16th April:

Red ink begins here.

Recd your letter of the 14th March, & am rejoiced to find Isabella & the other invalids are mending. I wish Janet were mending some of my wardrobe. No parcel for me let. Two vessels have arrived from Woolwich, very own Sergt Major on board on one and all our stores in another. You are poor hands in fordg Parcels which is the most simple affair possible. If Augustus were to call on Naghten or at the American coffee house or Lloyd’s, for that place of meeting must be still in some part of the City, he would hear of numerous vessels about to depart for Barbados before the Hurricane months. I am as well known here as Comd Engr & possessor of this Hall – as you know, the ace of spades – & there is not a Capt of Merchant ship that would not gladly take charge of any packet addressed to me care of Messrs Cavan & Co, Bridgetown. But enough of this – my great delight in getting a parcel from you is the pleasure unpacking it and thinking of you all. Am happy to learn that my Uncle is so well – best regards to him & Mrs Hawker, also to Mr & Mrs H Hawker, and now on the subject of regards, give my very best to MOB and a good rattling kiss as she likes that sort of thing. I hope to be at her table yet with a new pr of dress boots or pumps on. I am sorry you are so fond of parties & give way to dinner parties, it is so unlike you. ‘There is another world,’ dear Kit. Why, you appear to have ten gay and happy days even to one of my immaginary ones. I have not had time yet to read Fred’s letter. Have just read it – little therein, he and his wife, it’s all humbug, will forget that should he not, vulgarly to express it, he will be totally lost and dished as an army man & what is to become of him I know not. It never would be with my consent. He says he is second for purchase. In this case somewhat must be done, but I would through away a fraction for his company if he is so disposed to make a tomfool of himself. If he is only in joke it is a dangerous subject and tends to make me doubtful of his stability of character. What a vile hand he writes, poor fellow! Who has Miss Hanson married? –  I know not. Mr Mundy will be here in a few weeks. All the Naghtens are conceited, I think. Tom was in good odour with himself & young Harry required putting down a little. By the bye, the Satellite…[from this point, 20 lines are truncated as a result of a piece of the paper having been cut away] meet some of the…Capt…I see is sent to…How I laughed at your remark about…no doubt a fine woman but…to my taste but for her good humour…of her. My brother officer just gone…whom I never liked. I first was a more…character than I thought him – more…Canada, a dispatch I read yesterday reports…with about 4 or 500 Patriots at…ing Island. Tell Jenny she cannot fancy…of little Black babes. Their little heads…they were stuck with cloves…land had not energy to appreciate the…I had picked out for him & was…Berbice. Capt O’Brien, in a fit of…few Captain came with his regt…Assistant Engineership, but in a…way. So Mrs Hawker has…my eye! Mrs McPherson’s letter was charming – I will send it next Packet. Poor Mr Gooldrington. My letters must belie me or I have written in a trance, or you have read them after a dinner party. There is no society to admire, and as to liking the WI, I would sink [words illegible] destroy to get away, but so long as I must be here not under my own control in any way, I will carry on with spirit in spite of your ungenerous remarks, Mrs Kit. ‘A wife [word illegible] such dear girls few men are blest with. You must like the WI very much to stay.’ All this you know is rubbish, why write it? God bless you all.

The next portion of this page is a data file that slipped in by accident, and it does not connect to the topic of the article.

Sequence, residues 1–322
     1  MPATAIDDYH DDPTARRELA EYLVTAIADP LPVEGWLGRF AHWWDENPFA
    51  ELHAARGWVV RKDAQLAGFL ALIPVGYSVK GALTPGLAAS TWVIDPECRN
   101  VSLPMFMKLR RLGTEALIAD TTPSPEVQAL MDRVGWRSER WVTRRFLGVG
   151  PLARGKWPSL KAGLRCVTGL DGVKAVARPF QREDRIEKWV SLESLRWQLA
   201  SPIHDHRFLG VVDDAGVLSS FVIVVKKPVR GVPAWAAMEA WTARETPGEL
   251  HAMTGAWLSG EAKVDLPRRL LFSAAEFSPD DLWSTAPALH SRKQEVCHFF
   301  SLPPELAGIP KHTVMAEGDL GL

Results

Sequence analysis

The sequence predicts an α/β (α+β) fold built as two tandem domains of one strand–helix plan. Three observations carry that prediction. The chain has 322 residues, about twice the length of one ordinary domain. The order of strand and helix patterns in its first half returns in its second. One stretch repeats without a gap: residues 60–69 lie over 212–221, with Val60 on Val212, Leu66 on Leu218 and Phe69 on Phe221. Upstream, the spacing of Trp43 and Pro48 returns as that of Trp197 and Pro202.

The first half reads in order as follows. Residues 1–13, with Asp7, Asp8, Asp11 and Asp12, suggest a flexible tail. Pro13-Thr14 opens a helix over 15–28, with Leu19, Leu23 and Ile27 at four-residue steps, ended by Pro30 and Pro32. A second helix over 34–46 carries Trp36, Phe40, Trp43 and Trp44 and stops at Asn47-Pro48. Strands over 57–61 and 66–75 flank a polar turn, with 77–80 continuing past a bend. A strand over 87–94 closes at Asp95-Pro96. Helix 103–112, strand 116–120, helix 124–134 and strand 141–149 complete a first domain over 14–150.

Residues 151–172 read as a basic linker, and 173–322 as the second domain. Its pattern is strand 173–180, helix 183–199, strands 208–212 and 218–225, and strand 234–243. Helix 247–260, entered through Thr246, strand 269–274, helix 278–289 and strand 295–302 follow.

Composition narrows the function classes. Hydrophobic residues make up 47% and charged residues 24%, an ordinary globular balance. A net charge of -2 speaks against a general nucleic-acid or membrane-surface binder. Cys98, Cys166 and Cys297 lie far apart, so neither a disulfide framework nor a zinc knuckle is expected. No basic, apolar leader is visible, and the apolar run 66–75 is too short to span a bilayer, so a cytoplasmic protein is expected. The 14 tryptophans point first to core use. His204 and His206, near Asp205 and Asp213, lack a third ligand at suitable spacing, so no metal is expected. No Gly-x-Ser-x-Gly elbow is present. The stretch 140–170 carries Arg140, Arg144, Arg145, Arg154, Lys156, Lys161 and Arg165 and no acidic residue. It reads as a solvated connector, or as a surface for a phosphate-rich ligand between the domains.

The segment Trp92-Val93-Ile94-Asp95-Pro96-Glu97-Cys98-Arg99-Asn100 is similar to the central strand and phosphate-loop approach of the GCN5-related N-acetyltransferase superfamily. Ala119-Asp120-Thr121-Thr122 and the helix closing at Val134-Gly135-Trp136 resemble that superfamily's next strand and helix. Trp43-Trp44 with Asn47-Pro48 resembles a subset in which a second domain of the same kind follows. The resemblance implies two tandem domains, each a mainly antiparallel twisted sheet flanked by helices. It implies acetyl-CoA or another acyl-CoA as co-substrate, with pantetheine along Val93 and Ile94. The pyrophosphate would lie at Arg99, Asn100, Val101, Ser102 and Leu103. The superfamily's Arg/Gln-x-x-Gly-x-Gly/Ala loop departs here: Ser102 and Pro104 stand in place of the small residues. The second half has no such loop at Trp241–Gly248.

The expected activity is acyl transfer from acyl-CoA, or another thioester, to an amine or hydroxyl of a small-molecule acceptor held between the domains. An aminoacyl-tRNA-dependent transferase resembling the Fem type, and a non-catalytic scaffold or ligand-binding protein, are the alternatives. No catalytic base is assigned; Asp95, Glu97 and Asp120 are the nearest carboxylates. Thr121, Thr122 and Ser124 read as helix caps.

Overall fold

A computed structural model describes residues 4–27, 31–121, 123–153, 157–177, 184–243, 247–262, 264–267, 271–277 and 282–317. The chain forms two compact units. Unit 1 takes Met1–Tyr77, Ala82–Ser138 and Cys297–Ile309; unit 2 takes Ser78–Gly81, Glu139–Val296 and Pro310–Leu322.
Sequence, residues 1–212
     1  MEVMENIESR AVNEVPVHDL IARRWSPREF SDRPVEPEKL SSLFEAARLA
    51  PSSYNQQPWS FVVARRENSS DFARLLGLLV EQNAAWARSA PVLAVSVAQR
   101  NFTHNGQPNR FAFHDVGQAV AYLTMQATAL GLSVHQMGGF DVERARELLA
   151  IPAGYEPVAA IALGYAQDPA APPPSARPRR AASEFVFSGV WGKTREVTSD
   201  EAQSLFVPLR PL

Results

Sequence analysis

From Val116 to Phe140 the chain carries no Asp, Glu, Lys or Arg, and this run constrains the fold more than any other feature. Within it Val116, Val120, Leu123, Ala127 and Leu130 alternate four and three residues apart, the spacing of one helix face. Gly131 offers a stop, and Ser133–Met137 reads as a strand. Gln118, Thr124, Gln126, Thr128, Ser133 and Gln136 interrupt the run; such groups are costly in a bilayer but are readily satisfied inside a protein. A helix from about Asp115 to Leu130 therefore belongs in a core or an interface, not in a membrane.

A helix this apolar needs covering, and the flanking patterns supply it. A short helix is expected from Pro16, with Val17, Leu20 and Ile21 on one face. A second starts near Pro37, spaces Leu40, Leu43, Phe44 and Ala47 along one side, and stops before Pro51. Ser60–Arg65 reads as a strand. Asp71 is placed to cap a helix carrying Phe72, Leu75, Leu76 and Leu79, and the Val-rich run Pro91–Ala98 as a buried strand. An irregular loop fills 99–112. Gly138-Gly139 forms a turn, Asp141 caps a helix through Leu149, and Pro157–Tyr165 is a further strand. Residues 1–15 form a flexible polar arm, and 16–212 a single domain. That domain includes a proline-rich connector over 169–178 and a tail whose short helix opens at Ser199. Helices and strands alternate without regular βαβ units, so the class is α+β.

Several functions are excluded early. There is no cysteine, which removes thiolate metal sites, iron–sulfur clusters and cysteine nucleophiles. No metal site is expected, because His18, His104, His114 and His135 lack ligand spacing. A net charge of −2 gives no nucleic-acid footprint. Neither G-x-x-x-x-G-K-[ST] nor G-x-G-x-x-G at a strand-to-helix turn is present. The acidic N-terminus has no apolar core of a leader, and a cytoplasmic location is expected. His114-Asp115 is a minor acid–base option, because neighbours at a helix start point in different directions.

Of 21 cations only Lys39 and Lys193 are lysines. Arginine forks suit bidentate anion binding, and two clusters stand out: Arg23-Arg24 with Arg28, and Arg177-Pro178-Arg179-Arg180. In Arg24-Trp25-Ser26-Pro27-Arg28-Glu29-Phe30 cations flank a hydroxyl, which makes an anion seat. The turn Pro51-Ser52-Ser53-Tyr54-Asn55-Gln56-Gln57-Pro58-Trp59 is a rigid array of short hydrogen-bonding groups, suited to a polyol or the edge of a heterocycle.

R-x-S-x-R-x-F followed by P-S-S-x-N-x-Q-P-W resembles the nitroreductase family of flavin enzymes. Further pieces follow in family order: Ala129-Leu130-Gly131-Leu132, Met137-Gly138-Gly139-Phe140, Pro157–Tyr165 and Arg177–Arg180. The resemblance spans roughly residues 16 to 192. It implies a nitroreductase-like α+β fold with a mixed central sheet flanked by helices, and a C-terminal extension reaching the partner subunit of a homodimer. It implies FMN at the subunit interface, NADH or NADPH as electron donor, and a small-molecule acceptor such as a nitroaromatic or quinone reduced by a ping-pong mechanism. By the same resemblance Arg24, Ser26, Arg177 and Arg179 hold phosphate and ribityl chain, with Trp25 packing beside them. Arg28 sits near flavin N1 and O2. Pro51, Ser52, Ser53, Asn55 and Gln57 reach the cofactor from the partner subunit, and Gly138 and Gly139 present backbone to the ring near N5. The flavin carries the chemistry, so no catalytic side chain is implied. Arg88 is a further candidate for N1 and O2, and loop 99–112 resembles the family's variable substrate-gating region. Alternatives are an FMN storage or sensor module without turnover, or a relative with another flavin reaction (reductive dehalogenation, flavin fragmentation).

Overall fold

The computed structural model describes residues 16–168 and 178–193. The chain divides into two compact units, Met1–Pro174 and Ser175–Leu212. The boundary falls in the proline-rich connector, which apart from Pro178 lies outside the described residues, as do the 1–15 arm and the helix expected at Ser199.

Your afft FE